Quitting is the No. 1 Thing to Boost Your Confidence


Total wellness of the body, mind & spirit cannot be achieved without first liberating yourself from tobacco. Once you quit tobacco, you will notice everything else begins to fall into place.

You will no longer feel:

  • Lightheaded
  • Like your heart is racing
  • Like you need some mouthwash or gum
  • Apologetic
  • Freaked out about getting cancer or other diseases caused by tobacco

You will embrace:

  • Time (time is yours again)
  • A boost of confidence (just look what I can do!)
  • Tackling projects that smoking would have interrupted
  • Being an example for others
  • Exercise and movement



The body benefits immediately from quitting smoking. Within hours, a sore throat will ease up, and gunk might start to come up out of your lungs–especially if you are taking the time to use detoxifying foods and fluids (see the blog post dedicated to this). But don’t try to build Rome in a day. Even if you are a smoker who has cut down significantly, and you are waiting for that one right moment to cut the chord for good, you can surely benefit from taking up habits which promote lung and body detoxification whilst still smoking. Yes! The line is not so black and white, so cut and dry. At the beginning of my “quit” I was “batting 95%”–meaning that I was not smoking NINETY FIVE percent of the time. “Perfection is never the goal,” is another way to think of this. Plus it will take time to build new, positive habits into your routine. You’ll want to ease into them (I’m thinking like starting making smoothies for yourself in the morning instead of rolling a cigarette). Good things take time.


Be aware, this “cutting back” approach is a slippery slope. It requires immense willpower and is advised against unless for the purposes of quitting completely. A smoker who rarely smokes is the most hooked of all (I would know). They are always pining for that rare cigarette. This smoker will surely smoke up a storm when finally given the go ahead, say at a party where everyone is smoking. Because of the nature of nicotine (its like cocaine–do more, need more), that same smoker might wake up the next day “needing” five times as much tobacco and in an instant she is right back to her old habits. She just lost her 95% basically. The goal of quitting smoking is to ultimately have ZERO nicotine in your body, or else it will run around and wreck havoc with cravings. Occasional smoking isn’t really a thing. I mean its rare. Tobacco doesn’t work that way, unfortunately. Plus smoking negates all the health-conscious things you are already doing for your body such as healthy eating and yoga. The number one best thing you can do for your body is quit smoking.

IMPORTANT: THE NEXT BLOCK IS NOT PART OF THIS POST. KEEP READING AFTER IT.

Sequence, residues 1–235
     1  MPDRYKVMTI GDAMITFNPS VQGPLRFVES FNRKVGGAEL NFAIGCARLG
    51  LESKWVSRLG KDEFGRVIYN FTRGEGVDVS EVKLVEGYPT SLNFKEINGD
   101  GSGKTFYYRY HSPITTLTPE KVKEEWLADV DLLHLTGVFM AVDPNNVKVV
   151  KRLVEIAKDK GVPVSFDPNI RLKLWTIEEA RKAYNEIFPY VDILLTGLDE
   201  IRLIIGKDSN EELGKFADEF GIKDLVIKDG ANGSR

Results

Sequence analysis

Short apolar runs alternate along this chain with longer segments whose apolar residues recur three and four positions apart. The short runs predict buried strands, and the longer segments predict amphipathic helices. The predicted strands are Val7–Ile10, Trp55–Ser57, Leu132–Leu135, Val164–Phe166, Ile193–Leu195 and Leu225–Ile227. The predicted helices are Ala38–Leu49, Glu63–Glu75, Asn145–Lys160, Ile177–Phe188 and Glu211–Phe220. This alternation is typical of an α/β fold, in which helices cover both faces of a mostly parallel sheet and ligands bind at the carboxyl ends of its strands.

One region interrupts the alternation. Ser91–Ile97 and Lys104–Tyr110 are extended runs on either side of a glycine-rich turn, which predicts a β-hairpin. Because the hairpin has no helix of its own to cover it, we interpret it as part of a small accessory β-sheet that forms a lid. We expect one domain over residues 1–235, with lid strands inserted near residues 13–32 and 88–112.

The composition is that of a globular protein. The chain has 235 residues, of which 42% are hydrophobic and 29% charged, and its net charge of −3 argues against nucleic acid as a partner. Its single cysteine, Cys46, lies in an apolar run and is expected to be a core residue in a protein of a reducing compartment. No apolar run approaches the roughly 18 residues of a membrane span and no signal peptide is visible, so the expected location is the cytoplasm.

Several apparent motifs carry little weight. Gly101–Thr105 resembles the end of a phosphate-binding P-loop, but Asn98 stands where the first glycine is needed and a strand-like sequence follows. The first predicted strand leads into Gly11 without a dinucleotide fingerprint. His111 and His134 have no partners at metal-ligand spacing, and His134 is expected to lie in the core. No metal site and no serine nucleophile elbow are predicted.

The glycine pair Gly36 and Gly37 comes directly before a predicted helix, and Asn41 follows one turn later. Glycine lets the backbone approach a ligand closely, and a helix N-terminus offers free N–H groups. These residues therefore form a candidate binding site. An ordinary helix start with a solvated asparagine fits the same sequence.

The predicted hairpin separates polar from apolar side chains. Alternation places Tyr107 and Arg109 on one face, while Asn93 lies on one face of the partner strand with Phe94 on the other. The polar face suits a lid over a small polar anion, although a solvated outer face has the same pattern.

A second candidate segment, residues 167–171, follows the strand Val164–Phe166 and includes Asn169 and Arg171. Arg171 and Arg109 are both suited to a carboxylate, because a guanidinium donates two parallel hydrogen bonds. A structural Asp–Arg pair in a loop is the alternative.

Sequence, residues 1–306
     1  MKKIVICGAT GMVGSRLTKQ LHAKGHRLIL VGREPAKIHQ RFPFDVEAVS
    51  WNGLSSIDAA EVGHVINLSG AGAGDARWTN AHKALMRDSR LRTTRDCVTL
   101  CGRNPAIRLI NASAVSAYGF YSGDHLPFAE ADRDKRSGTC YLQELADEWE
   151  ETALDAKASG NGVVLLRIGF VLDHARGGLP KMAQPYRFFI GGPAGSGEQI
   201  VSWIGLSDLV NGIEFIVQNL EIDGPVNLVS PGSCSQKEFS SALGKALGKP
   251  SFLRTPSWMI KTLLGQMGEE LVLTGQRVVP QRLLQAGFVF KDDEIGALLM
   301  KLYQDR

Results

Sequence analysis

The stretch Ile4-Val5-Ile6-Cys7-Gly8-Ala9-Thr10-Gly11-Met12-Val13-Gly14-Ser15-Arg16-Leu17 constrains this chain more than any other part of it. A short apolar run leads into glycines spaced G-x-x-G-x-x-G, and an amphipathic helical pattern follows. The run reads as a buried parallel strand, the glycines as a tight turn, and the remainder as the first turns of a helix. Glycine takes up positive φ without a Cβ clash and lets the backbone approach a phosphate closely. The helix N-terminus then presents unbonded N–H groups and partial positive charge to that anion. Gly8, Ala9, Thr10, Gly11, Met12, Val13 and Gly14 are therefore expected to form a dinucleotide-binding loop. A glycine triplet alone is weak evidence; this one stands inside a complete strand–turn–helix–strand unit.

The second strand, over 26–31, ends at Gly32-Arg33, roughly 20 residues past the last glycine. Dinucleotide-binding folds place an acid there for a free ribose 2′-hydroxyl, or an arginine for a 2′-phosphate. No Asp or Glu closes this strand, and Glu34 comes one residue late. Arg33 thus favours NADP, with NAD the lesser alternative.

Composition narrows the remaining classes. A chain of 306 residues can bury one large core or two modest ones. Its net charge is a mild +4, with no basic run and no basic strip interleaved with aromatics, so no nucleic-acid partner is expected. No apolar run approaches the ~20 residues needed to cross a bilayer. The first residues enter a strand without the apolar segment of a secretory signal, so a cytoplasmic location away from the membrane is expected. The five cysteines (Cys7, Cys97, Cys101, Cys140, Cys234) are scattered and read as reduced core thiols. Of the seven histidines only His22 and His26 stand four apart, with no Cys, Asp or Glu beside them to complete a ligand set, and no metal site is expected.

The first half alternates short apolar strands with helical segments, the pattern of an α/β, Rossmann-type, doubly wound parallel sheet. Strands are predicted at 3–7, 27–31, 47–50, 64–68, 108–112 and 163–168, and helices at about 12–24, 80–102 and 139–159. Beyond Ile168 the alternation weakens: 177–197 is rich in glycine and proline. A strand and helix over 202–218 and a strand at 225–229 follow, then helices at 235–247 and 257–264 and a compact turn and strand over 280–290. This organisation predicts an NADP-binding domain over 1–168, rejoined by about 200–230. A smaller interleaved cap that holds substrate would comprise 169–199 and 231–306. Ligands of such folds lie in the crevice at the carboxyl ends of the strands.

The first 6 months or of my quit (remember, I was on again off again) was spent literally just breaking muscle memory. When I first conceived of quitting, it began as a simple awareness that–without even thinking about it–I would step out onto the backporch and grab a smoke. Like ten times a day. So, in the early days it was very simple: I would step out on the porch and try, just try, to do something else. I became aware that I could not, and that I was not in control. Step one: the breaking down of denial. So at this point I tied a bright red scarf to the door handle as a challenge to myself to Just not. Go on. The porch. Extreme? Yes. Being outside is good. Getting exercise is good. But at this point quitting smoking was much more important so I pretty much trapped myself inside and fought, tooth and nail, not to smoke. The cravings were high, very high, at this time. My boyfriend smokes and we live together. So it was not easy.


I began watching YouTube videos about other people quitting smoking. I learned that YEAH. IT IS NOT EASY. NOBODY FINDS IT EASY. MOST PEOPLE DON’T EVEN TRY TO QUIT. IT’S THAT HARD. I felt better. I listened to testimonials of people older than me, of a different skin color than me, of a different background entirely than me, but we all had this one thing in common: that we wanted to quit. And we all had another thing in common: that we had tried to quit before. Many times. See people who really want to quit never stop quitting. It’s a sick, sad, truth. But eventually most people who keep quitting eventually break through. It’s re-routing of the body and the mind. Fully. And it takes some time.


The journey is so much deeper than just making it through those first physical cravings. You may end up pondering your childhood, the experiences and choices that lead you to where you are, you might ask why, exactly, you are so addicted to tobacco, question what lead to your romanticizing this harsh, unforgiving drug. You might find yourself carrying a book about quitting smoking in your purse or your car (maybe a book on tape) and think what a weirdo I am. But you need to be forgiving with yourself. Like somebody put it in writings I came across during my tobacco recovery research online “You can’t save your face and your ass at the same time.” Meaning, delve into yourself and your spirituality, even if you never have before or it feels incredibly silly. Take a smoking cessation class with a bunch of old, smelly folks, if it means that much to you. Try hypnosis, just try it. Do whatever weird voodoo thing you need to do in order to expunge this ridiculous habit from your life. Because whatever strange thing you to do to cope–hula hooping, swimming laps, reading about Buddhism and eating dark chocolate–its bound to be worth it in the end. 


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